- eval-turn
represents the minimax evaluation function for a turn - maximizing?
indicates whether or not we want to min or max the scores
We call this protocol AIStrategy
:
For instance, a strategy where both AI play against the human player would provide an implementation of maximizing?
that would return true for turns played by the AI and false otherwise. It would naturally lead to both AI helping each other.
Minimax
Our next task is to implement a variant of a fixed depth Minimax
implementation, parameterized by an implementation of the AIStrategy
protocol we defined in the previous section.
This algorithm can be described by a nice recursion. The base case
is when we reach a leaf of a search tree (the maximum depth we want to search for, or the end of the game), in which case we apply the eval-turn
to give a score to the turn. Otherwise, we recur and apply a min
or a max
on the scores returned by each of the sub-trees.
This can be summarized with the following piece of code, which makes use of the function minimax-step
to implement the recursion (which we will see after):
The implementation of minimax-step
follows the open recursion technic. Instead of having minimax
calling itself directly, we provide to minimax-step
the function to call to recur. Thanks to this, we will be able to reuse this open recursive definition to implement our AI Strategies later.
Our minimax-step
function will also be parameterizable with different min
and max
implementations. This flexibility will also help us a lot later.
Note 1: We do not need to worry about blowing the stack with such recursions. The search tree grows exponentially with the search depth, so we will never be able to search very deep anyway.
Note 2: If you are curious about open recursion and its different usage, you can read more about it in thisprevious article in which we used it to help with the implementation memoization.
Top level search
Our minimax
function attributes a score to an turn by looking at the game tree starting from it. To find our best move, we need to call our minimax
function for each reachable turn from our initial turn.
We should be able to re-use our minimax-step
with one twist. As we need to keep track of the coordinate to play, we want to return tuples containing both a move and a score and maximize by score alone.
To customize the comparison, we create a variant minimax-step-by
that accepts a projection for the comparison:
Using this minimax-step-by
, we can implement our top search game-tree-search
function. It takes an AIStrategy, a turn from which to start the search, and a maximum depth search. It returns what it believes to be the best move to play.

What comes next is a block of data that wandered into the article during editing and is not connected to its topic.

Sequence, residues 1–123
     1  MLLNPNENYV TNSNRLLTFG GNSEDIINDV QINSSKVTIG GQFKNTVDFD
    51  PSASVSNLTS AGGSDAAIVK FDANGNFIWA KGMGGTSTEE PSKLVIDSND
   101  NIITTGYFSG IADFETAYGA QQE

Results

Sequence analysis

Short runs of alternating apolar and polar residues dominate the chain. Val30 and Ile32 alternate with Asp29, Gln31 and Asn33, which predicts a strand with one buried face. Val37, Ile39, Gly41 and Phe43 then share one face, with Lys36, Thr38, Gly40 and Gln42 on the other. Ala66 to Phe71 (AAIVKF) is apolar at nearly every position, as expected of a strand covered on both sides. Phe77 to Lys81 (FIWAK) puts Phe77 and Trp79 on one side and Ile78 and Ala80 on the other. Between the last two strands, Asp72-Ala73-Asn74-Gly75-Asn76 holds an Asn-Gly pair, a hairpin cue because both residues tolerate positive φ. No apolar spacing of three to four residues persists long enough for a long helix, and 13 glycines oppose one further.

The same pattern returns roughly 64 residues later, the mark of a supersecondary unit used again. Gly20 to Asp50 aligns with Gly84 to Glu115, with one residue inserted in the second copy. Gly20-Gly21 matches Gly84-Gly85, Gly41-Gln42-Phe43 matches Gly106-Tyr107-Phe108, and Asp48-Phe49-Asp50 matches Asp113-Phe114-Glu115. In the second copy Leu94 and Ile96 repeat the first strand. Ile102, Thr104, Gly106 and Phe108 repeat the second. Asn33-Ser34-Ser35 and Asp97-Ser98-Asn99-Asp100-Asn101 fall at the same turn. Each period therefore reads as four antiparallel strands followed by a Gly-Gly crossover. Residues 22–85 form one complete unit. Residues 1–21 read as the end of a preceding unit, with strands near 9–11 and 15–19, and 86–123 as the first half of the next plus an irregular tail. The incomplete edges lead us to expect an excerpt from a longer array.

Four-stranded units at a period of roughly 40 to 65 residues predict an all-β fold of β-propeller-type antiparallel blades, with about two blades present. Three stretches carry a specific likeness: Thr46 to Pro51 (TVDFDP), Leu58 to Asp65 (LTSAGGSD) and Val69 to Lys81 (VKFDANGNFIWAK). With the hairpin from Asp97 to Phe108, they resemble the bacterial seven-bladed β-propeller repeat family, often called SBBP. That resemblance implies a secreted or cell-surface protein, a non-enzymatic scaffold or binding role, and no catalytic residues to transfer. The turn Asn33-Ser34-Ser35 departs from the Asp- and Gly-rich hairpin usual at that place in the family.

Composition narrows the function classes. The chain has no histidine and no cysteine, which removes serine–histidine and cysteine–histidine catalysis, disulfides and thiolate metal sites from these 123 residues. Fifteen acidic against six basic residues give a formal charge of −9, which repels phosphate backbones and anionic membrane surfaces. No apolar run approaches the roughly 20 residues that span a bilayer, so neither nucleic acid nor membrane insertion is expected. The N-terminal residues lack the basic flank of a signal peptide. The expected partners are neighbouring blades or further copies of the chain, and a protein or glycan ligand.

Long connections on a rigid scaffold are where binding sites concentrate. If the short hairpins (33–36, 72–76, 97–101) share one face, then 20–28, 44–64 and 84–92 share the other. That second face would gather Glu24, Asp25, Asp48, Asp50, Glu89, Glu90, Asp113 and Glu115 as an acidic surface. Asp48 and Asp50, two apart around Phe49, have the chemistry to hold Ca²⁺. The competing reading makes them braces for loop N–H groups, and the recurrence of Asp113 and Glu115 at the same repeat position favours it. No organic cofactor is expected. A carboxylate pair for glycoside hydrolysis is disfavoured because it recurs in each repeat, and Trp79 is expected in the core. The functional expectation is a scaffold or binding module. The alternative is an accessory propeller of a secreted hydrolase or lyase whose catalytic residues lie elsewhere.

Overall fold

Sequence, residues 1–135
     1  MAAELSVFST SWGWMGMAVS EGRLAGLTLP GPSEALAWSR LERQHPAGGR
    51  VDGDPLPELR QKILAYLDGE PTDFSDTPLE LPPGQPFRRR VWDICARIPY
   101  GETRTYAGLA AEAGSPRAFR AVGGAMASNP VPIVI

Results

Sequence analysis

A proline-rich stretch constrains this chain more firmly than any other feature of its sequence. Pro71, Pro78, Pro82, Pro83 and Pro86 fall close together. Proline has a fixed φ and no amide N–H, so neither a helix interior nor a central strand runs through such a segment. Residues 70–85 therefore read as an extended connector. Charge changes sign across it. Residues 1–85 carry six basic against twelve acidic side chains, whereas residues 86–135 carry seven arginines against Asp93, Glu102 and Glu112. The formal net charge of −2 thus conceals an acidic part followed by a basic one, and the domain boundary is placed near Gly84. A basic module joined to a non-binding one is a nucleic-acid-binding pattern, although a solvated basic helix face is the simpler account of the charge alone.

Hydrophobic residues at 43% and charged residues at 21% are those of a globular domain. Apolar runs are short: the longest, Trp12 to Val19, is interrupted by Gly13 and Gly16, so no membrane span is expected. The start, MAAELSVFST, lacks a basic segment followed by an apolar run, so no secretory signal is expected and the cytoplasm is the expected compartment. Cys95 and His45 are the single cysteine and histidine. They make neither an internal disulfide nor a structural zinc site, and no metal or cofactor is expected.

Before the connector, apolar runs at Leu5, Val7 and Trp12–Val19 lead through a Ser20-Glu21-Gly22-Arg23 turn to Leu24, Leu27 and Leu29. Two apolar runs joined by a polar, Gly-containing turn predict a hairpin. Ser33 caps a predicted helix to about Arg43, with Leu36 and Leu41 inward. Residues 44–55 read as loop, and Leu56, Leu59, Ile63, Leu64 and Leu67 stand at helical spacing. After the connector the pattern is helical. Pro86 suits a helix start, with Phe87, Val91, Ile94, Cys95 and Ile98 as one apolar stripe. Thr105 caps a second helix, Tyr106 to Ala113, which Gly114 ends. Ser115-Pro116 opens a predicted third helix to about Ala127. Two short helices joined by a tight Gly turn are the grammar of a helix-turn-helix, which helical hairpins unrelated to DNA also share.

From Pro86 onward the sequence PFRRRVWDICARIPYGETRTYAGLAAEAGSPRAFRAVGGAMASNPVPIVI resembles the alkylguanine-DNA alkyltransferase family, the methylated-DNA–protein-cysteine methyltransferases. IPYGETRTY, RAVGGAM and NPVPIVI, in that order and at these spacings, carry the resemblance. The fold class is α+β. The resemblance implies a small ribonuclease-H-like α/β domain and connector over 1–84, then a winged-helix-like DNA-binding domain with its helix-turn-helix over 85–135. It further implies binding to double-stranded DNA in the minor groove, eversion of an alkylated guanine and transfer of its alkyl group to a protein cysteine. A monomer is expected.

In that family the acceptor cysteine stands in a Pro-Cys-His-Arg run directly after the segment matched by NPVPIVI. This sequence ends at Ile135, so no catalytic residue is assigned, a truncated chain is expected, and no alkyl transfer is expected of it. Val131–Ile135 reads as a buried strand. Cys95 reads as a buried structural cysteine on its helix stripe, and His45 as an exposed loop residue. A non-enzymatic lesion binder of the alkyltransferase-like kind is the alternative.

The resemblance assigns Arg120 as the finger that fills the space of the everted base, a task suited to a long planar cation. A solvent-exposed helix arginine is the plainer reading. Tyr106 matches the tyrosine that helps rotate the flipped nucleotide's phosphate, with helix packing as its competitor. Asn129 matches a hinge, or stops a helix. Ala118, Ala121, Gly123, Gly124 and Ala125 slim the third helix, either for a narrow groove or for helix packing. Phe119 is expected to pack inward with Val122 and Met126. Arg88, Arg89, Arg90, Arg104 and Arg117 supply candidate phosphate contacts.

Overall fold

High level AI
Our Minimax-based AI algorithm is now ready and implemented by game-tree-search
. Our next job is to implement useful AIStrategies to use in this game tree search.
Optimizing scores
Our first AIStrategy consists in optimizing the score of a chosen player. Because our turns contains the transitions to the next turns, we can be clever and use this data to go one level deeper in the search.
We will use our open recursive minimax-step
function, but instead of calling our minimax recursively, we provide it with a function that computes the scores taking into account the transition. This computation is much cheaper than accounting for the whole transition.
We extract this logic inside the eval-next-score-of
function, that takes as input the players whose scores should be summed and optimized for.
Based on this previous function, we can easily derive the implementations of our two AI that care about the scores:
- The optimize-own-score-ai
which optimize the score of the playing AI - The optmize-ai-scores-ai
which optimize the scores of both AI (allied)
Avoiding traps
Our second family of AIStrategy is about avoiding being trapped with no move left to play. The corresponding evaluation function will maximize the number of available transition instead of the score. This is pretty simple to implement:
Assembling the pieces
Both our Minimax algorithm and our AI evaluation functions are ready. We only need to plug these parts together.
We first implement a High Level AI
that will select the appropriate AI strategy to use depending on the game configuration.
Note: the details of the different predicates used in the function above are available in the following GitHub Gist
.
Our last task is to complete our find-best-move
function, which was the goal of this post. This functions is the only public function of the whole AI namespace and does:
- Select the appropriate AI strategy using the high-level-ai
function - Run a game tree search using game-tree-search
and the selected AI
Note: The resulting search is performed with a depth of 2 which is quite low. In reality, because our score evaluation function also looks ahead, we get a search tree of depth 3. This strikes a balance between the need for the AI to run on the Web browser of low power devices (tablets or smart phones) and the difficulty.
We could have chosen different depth for different devices, but it would make the game harder on PC than on smartphones. Apart from being annoying to implement, it is not quite fair. To go deeper, we would instead need to add pruning to our game tree.
Conclusion
With this last post focusing on the implementation of the artificial intelligence, our Tribolo
game is now fully complete. You can check the source code in the following GitHub repository
.
I hope you did enjoy the series and the game that we built through it. I hope it did give you some ideas, made you discover at least one thing, or was as much fun as it was for me to implement it.
Special thanks
I would like to thank Manwe56
for our discussions on how to build an smart enough AI. His great insights helped me in designing my first ever artificial intelligence. In particular, I owe him the concept of high level AI, which helped me tremendously.
Manwe56
is regularly present in the top 1% of some of the major competitive programming contests. He is also the author of the competitive-programming GitHub repository
that contains some generic implementation of the most common AI algorithms for both Java and C++.